Treasury Inspector General for Tax Administration
June 26, 2014
TIGTA - 2014-12
Contact: David Barnes
WASHINGTON – The Internal Revenue Service (IRS) successfully implemented a component of the Patient Protection and Affordable Care Act (ACA) involving prescription drug fees, according to a report released publicly today by the Treasury Inspector General for Tax Administration (TIGTA).
Section 9008 of the ACA imposes an annual fee on pharmaceutical manufacturers and importers (referred to as covered entities) based on branded prescription drug sales made to specified Government agencies. The fees collected under the branded prescription drug fee program are to be transferred to the Medicare Part B Trust Fund, which is used to subsidize a portion of the Medicare Part B program. By accurately assessing and promptly collecting the branded prescription drug fees, the IRS ensures timely availability of these funds to the Medicare Part B program.
TIGTA initiated its audit to assess the IRS’s efforts to implement the branded prescription drug fee, which went into effect in Calendar Year 2011. The overall objective of this review was to determine the effectiveness of the IRS’s efforts to implement Section 9008 of the ACA.
“TIGTA found that the IRS successfully implemented the branded prescription drug fee through collaborative efforts with the various third parties involved and an alternative approach to calculate and assess the fee,” said J. Russell George, Treasury Inspector General for Tax Administration.
The IRS developed a new reporting form (Form 8947, Report of Branded Prescription Drug Information) and instructions. It also developed procedures and a database to process covered entities’ sales data and to accurately calculate the annual fees. TIGTA reviewed a judgmental sample of 15 Forms 8947 (representing more than 80 percent of the sales volume used to calculate the fee) for Calendar Years 2011 and 2012 and independently calculated the fee assessments. TIGTA determined that the IRS’s calculation, assessment, and collection of the fees were accurate for the sampled cases.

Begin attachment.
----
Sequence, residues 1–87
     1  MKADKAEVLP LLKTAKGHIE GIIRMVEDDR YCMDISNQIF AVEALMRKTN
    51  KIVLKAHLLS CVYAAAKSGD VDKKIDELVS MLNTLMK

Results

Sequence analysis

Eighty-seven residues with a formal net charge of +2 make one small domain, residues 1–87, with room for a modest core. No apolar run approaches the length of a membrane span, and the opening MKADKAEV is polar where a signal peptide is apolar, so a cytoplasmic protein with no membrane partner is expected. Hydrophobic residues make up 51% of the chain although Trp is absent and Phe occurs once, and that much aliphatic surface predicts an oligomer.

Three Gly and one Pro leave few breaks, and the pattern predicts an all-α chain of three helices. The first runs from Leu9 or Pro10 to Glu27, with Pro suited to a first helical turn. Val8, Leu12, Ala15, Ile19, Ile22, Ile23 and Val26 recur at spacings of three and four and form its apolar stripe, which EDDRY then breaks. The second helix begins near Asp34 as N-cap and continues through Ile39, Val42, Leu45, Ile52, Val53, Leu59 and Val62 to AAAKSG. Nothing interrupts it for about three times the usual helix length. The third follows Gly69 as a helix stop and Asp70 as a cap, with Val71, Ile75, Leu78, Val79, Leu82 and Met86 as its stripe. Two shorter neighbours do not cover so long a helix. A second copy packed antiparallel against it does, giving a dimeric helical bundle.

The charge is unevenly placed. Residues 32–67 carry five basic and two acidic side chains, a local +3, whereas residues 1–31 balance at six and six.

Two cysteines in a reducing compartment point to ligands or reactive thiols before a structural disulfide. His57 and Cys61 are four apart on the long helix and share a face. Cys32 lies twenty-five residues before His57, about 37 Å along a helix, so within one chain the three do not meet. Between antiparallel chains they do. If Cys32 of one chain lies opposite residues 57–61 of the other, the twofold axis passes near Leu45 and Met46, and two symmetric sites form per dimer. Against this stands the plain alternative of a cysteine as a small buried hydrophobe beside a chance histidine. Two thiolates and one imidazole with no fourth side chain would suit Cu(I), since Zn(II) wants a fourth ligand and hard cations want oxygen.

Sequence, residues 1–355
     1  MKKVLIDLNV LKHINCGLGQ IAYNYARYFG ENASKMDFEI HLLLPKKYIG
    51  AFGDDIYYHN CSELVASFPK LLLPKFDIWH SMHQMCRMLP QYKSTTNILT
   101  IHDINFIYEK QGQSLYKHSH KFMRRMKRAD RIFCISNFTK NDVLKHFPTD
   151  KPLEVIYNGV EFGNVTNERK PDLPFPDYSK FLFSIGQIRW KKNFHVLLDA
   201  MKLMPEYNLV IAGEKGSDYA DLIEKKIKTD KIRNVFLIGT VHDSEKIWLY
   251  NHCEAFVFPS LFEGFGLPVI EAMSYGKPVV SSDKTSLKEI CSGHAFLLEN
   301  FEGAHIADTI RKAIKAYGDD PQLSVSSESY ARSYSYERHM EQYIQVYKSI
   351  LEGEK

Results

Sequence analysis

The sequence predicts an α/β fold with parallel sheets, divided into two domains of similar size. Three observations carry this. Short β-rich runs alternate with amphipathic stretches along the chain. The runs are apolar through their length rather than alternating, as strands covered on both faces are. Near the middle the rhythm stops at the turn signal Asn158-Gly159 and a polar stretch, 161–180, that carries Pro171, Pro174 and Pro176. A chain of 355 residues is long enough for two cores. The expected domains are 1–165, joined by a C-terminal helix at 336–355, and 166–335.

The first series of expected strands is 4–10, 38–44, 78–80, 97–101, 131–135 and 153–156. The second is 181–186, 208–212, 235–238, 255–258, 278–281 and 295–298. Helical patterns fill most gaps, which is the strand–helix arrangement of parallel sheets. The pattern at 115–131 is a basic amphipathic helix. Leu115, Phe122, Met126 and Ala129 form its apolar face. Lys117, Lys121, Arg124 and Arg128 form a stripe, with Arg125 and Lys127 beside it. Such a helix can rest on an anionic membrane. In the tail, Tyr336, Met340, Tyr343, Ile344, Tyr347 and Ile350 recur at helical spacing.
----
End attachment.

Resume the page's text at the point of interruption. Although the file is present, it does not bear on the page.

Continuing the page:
In addition, the IRS’s efforts to identify noncompliant covered entities were effective. Data on branded prescription drug sales are reported to the IRS from both the covered entities and the Government agencies, creating a dual reporting process. The IRS merged and compared the data from each source to identify any inconsistencies and promptly followed up to resolve them.
TIGTA identified one area requiring management’s attention. From TIGTA’s sample of 15 cases, TIGTA determined that some covered entities incorrectly interpreted the temporary regulations. Changes to Form 8947 and its instructions should help clarify these issues and reduce the burden on taxpayers.
TIGTA recommended that the Commissioner, Large Business and International Division, revise sections of Form 8947 and its instructions to clarify certain issues. Covered entities should also be notified of these revisions. In their response to the report, IRS officials stated that they agreed with TIGTA’s recommendation. IRS management plans to revise sections of Form 8947 and its instructions to clarify taxpayer understanding and reduce taxpayer burden.
Read the report.
Note: The difference between the date TIGTA issues an audit report to the Internal Revenue Service and the date TIGTA publicly releases the report is due to TIGTA's internal review process to ensure that public release is in compliance with Federal confidentiality laws.
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